July 25, 2011
Off Duty: Virginia Volunteer Thinks Globally, Acts Locally for Feral Cats
HSUS Editor Julie Falconer works on a cause near to her heart and miles from the office
by Julie Hauserman
As senior editor of The HSUS's All Animals magazine, Julie Falconer spends her workdays behind the scenes, telling inspiring stories about animal advocacy around the world.
On her off time, Falconer is front and center of an effort to combat cat overpopulation in her hometown in Central Virginia.
The issue is dear to Falconer’s heart. For the past 13 years, she has helped implement humane solutions for the region’s feral cats as a volunteer with Voices for Animals, a grassroots organization based in Charlottesville. The group works on such issues as factory farming, conscious consumerism, animals in entertainment, wildlife protection, and companion animal overpopulation.
In 1997, one of her fellow volunteers discovered that the owners of a large, low-income mobile home park were using a short-sighted strategy to manage a feral cat population.
“Every 12 to 18 months, maintenance crews rounded up 100 to 150 stray cats and took them to the shelter to be euthanized,” Falconer said. “It wasn’t fair to the cats or shelter staff—and it didn’t fix the problem.”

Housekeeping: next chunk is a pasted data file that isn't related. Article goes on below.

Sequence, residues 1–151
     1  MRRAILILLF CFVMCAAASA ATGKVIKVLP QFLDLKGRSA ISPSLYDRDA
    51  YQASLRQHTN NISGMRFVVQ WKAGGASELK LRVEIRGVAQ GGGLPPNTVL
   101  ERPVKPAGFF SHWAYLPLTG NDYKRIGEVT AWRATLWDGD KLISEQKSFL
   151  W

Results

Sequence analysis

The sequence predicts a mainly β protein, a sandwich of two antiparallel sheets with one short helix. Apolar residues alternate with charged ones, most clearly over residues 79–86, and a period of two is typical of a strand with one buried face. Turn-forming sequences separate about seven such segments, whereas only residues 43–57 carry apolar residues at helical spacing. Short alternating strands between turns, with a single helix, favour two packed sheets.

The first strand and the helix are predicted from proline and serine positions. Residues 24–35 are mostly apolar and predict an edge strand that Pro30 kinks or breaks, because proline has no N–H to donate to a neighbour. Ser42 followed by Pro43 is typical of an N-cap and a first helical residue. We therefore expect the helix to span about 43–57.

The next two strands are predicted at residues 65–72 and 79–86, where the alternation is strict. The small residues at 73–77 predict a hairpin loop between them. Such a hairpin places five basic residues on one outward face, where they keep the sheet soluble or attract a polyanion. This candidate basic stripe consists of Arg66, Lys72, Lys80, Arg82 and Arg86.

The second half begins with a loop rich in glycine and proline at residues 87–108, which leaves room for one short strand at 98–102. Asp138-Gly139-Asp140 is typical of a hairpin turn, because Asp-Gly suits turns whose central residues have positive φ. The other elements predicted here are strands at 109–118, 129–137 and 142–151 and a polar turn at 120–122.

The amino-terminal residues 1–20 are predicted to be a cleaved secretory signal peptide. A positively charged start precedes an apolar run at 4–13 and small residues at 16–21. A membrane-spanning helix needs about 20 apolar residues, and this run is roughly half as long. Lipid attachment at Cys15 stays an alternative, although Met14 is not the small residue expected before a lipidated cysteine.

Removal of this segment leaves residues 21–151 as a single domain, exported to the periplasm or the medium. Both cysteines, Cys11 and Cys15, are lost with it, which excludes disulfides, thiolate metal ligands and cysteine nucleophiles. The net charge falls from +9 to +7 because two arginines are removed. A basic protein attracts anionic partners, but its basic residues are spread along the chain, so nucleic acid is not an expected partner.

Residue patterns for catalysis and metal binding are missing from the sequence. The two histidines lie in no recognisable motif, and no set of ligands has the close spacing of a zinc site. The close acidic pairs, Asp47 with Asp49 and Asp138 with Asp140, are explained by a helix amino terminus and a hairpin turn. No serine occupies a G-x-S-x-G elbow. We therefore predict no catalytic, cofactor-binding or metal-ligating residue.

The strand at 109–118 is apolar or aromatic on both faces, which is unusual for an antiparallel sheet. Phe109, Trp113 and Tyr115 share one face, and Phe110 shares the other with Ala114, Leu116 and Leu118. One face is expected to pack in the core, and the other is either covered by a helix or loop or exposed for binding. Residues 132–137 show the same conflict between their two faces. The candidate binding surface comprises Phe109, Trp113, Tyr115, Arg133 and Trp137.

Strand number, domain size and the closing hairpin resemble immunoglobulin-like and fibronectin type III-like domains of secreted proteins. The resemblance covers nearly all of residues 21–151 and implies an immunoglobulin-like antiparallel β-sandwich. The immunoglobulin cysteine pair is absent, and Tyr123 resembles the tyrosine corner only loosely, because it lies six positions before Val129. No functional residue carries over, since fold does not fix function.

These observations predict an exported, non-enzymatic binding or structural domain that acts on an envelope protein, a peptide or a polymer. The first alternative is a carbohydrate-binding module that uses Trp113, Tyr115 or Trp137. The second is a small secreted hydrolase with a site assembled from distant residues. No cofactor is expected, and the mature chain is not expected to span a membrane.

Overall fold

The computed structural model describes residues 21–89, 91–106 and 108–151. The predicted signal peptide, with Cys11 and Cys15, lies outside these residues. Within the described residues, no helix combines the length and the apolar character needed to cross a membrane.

Voices’ members approached the mobile home park’s managers with a proposal: they would spay and neuter the cats. "We were naive, thinking this was going to be a month-long project.”
The first year, the group sterilized more than 170 cats, applying the principles of Trap-Neuter-Return, a humane method for stabilizing feral cat populations. To help forestall future generations of ferals, they also provided spay/neuter assistance to cats belonging to park residents.
Word got around, and before long the all-volunteer organization was inundated with requests to help with cats in other neighborhoods and in nearby counties.
“Through my volunteer work with Voices for Animals and my job at HSUS, I get to act locally and globally for animals every day.”
“At the time, there were no Trap-Neuter-Return programs in Central Virginia, and very limited low-cost spay/neuter options even for owned pets,” Falconer says. “People who were feeding stray cats were desperate for a solution that would allow the animals to live out their lives and stop the breeding cycle.” Eventually, the group teamed up with the Charlottesville-Albemarle SPCA to launch free high-volume spay/neuter clinics for feral cats. Through the clinics and a voucher program with participating veterinarians, Voices for Animals now sterilizes more than a thousand cats a year.
Lately, Falconer has been handling more administrative tasks for the group—which she can do from her home in Maryland.
“HSUS has the power and resources to effect big changes—changes like shutting down abusive breeding mills and pushing for public policies that directly affect the work of grassroots groups,” Falconer says. “Through my volunteer work with Voices for Animals and my job at HSUS, I get to act locally and globally for animals every day.”
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Sample current content from All Animals magazine »